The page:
Freedom Convoy trial hears from Ottawa police on second day

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A police officer testifying at the trial for two 'Freedom Convoy' organizers tells a judge that as the protest dragged on, it became harder and harder to police demonstrators who were breaking laws.
Inspector Russell Lucas was called by the Crown as a witness on the second day of the trial for Tamara Lich and Chris Baber, two of the convoy's main organizers and the first to answer for their charges of mischief.
He tells the court that initially, protesters co-operated with police as more than five-thousand trucks rolled into Ottawa in late January of 20-22.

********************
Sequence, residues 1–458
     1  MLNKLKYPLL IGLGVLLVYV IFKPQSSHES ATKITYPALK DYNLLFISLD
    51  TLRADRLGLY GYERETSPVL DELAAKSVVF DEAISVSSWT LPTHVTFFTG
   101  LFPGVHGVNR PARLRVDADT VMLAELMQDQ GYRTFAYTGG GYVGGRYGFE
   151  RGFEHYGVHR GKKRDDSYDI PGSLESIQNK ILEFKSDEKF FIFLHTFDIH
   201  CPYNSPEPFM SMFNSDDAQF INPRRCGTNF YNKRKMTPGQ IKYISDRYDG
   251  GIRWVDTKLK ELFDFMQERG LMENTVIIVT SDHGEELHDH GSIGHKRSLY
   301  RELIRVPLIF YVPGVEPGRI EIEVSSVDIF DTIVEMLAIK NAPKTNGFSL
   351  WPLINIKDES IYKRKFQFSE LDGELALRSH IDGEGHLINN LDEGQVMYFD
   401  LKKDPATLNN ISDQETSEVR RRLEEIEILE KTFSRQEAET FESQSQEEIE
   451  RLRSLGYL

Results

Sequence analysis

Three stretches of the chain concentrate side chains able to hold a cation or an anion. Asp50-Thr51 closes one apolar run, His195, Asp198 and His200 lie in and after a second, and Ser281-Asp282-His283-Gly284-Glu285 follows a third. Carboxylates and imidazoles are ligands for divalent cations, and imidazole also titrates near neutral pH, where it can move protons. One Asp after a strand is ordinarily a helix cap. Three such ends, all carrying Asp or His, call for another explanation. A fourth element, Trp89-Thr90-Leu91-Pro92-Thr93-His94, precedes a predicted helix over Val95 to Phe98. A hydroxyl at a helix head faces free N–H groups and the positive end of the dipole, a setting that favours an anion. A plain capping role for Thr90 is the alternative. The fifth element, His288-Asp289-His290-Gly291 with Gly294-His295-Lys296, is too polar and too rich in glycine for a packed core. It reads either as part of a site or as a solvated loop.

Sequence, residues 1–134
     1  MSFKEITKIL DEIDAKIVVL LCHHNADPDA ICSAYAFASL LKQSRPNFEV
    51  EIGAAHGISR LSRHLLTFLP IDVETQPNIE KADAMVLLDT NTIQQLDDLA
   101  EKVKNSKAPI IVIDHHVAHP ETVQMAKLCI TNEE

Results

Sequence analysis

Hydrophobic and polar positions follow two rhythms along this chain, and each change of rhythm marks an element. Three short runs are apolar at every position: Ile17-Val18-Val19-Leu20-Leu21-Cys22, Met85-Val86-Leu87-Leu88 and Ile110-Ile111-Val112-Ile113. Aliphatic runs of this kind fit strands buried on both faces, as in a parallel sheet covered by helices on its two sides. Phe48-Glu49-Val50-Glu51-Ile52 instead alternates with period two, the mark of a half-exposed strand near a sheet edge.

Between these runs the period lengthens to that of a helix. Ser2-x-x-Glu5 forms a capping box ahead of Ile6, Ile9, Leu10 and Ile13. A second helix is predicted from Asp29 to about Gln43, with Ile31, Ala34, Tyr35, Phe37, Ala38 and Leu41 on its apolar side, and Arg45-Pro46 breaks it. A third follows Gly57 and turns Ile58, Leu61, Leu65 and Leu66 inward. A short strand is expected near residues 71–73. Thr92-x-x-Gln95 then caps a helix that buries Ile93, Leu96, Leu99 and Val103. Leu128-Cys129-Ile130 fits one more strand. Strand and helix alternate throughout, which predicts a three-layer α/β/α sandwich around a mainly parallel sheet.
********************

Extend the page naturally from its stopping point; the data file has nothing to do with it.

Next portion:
But Russell testifies that as the days passed and protesters refused to leave, officers were more likely to get swarmed as they tried to enforce the law.
He says, for instance, more backup was needed as police tried to stop protesters setting off fireworks near the National War Memorial.
The Crown's case against Lich and Barber rests on establishing its assertion that the pair orchestrated the blockades on downtown Ottawa streets and encouraged supporters to stay as police ordered them gone.

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